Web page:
June 14, 2012, 12:00 pm
By The Carter Center
Click the image below to watch excerpts from the award ceremony.
In the White House, President Jimmy Carter appointed 57 minority judges and 41 female judges to the federal judiciary, more than all previous presidents combined. But he recognized at the time that, when it came to diversifying judicial appointments, his efforts were “just a beginning.” Motivated by President Carter’s actions and words, the Just the Beginning Foundation was born in 1992 to bring together diverse federal judges and encourage minority students and those from other underrepresented groups to pursue careers in law and on the bench.
In celebration of JTBF’s 20 years dedicated to increasing racial diversity in the legal profession, judges representing the organization, including three President Carter appointed during his administration—judges Horace T. Ward, Phyllis Kravitch, and Nathanial R. Jones—presented him with the 2012 Trailblazer Legend award during a ceremony today at The Carter Center in Atlanta.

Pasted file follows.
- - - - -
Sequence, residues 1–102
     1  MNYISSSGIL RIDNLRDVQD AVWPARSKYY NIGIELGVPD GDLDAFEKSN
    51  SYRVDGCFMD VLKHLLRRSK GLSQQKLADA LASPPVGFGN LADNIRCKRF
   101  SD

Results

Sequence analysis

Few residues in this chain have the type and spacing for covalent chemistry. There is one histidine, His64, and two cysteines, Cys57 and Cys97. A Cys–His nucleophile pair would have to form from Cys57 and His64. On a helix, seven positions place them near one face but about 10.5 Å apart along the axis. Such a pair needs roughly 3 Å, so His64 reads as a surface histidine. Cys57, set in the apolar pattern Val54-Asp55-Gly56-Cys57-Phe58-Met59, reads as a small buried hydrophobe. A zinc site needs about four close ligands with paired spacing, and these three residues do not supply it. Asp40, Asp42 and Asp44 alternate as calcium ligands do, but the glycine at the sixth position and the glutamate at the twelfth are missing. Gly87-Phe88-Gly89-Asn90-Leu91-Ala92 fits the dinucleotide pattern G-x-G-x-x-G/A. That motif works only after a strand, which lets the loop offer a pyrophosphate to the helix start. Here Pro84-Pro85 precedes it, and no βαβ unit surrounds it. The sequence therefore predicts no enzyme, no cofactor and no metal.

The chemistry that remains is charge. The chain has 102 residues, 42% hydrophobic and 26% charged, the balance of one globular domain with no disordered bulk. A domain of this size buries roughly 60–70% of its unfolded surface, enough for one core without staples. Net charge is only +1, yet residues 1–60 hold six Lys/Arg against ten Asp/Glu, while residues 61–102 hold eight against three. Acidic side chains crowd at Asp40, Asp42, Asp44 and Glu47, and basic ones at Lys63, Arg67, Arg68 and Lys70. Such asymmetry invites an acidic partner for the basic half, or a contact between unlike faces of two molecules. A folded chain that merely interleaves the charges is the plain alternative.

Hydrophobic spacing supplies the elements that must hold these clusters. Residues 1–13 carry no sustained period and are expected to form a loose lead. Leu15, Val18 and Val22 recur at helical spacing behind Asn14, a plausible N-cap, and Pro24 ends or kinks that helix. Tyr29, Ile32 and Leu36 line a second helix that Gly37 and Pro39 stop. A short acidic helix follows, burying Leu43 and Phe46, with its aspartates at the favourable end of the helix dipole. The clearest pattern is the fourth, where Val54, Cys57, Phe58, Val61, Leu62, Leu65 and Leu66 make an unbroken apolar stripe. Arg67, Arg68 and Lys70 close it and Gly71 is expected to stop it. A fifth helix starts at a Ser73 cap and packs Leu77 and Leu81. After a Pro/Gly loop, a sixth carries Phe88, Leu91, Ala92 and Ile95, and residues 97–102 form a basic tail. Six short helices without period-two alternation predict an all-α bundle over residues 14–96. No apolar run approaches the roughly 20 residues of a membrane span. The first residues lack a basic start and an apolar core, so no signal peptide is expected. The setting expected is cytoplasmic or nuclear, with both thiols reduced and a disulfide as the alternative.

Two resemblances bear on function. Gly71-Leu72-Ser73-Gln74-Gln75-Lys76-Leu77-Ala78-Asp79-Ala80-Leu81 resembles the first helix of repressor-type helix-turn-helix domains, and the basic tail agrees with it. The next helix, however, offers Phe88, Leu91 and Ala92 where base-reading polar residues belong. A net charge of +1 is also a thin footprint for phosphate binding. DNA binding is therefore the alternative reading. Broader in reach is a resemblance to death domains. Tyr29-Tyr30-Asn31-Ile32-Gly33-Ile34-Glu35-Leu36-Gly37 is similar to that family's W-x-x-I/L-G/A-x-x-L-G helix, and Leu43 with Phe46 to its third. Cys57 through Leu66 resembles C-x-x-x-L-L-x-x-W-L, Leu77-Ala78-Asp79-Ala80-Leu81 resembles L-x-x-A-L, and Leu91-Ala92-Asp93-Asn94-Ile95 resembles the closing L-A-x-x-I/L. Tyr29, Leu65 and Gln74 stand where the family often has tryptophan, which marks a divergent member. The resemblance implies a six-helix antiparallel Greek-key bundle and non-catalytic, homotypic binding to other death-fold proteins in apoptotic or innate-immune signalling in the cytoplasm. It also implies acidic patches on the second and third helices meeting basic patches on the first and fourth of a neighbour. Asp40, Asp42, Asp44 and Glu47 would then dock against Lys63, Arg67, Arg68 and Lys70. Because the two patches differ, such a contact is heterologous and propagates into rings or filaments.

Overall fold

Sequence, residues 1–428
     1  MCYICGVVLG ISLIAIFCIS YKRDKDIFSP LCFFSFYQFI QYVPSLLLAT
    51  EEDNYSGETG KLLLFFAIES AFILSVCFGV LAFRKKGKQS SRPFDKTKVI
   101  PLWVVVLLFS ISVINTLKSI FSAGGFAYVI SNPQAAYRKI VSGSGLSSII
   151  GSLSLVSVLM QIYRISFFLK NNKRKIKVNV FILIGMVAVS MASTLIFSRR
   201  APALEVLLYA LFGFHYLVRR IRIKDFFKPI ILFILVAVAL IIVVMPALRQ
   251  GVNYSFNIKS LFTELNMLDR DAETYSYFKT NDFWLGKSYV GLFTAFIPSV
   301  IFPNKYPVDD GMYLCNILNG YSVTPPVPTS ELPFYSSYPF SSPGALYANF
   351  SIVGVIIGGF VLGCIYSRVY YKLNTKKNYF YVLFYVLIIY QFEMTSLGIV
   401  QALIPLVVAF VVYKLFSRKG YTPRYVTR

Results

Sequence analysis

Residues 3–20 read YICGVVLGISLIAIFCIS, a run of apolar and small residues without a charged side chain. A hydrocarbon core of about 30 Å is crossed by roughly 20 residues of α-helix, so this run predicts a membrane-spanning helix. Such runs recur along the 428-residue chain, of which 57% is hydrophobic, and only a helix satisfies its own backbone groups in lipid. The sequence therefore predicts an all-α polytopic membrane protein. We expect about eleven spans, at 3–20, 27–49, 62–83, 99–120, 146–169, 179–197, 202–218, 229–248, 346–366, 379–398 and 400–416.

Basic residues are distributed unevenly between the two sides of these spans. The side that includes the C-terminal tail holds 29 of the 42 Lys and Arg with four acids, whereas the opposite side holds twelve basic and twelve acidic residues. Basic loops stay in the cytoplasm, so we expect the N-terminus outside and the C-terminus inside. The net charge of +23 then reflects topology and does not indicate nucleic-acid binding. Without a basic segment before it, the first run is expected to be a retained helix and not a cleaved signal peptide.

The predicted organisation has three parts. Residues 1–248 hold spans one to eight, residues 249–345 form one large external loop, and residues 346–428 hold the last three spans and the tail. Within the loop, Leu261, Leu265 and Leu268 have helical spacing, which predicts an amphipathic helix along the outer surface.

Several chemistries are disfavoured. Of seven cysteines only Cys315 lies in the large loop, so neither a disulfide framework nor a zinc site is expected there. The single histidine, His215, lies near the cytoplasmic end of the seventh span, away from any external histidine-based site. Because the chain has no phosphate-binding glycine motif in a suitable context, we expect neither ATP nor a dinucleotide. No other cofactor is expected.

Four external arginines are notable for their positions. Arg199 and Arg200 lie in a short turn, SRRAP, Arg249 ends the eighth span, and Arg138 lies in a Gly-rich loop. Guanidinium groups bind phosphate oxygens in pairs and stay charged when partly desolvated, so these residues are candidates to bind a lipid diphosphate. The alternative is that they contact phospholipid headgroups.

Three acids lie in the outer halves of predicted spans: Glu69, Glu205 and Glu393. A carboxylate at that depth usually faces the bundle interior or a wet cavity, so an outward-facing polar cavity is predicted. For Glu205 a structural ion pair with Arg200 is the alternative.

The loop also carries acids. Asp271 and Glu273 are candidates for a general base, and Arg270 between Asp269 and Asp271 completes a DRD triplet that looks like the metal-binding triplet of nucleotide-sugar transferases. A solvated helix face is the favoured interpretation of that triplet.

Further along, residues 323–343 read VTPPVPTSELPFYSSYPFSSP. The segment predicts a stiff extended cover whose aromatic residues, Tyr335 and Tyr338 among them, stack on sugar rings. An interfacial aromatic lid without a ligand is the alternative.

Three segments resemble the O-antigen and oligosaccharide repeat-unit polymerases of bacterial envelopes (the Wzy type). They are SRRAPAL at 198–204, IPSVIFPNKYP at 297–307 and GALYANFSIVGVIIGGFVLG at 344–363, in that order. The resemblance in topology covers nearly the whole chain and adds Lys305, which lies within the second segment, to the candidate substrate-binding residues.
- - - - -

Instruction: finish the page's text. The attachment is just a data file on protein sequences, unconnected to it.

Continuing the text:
“It all began with you,” the Hon. Ann Claire Williams said as she presented President Carter with the award. “You created unprecedented opportunities for your appointees and many like me who benefitted from your legacy and stand on the shoulders of these giants. Our nation has surely benefitted from having a judiciary that reflects those that we serve—all Americans whatever their race or sex who seek equal justice under law.”
Accepting the award, President Carter said the credit for trailblazing a path to a more diverse judiciary goes to those he appointed: “Their judicial judgment, their integrity and their commitment to the finest aspects of our nation’s moral and legal values have been so sterling that they brought credit to me.”
He praised the work of JTBF while echoing the words that inspired it. “We’re still at the beginning,” he said, “of bringing true equality of treatment under the law, in economic status, and in occupation of high places in the Senate and Congress to women and people of color. We still have a long way to go.”
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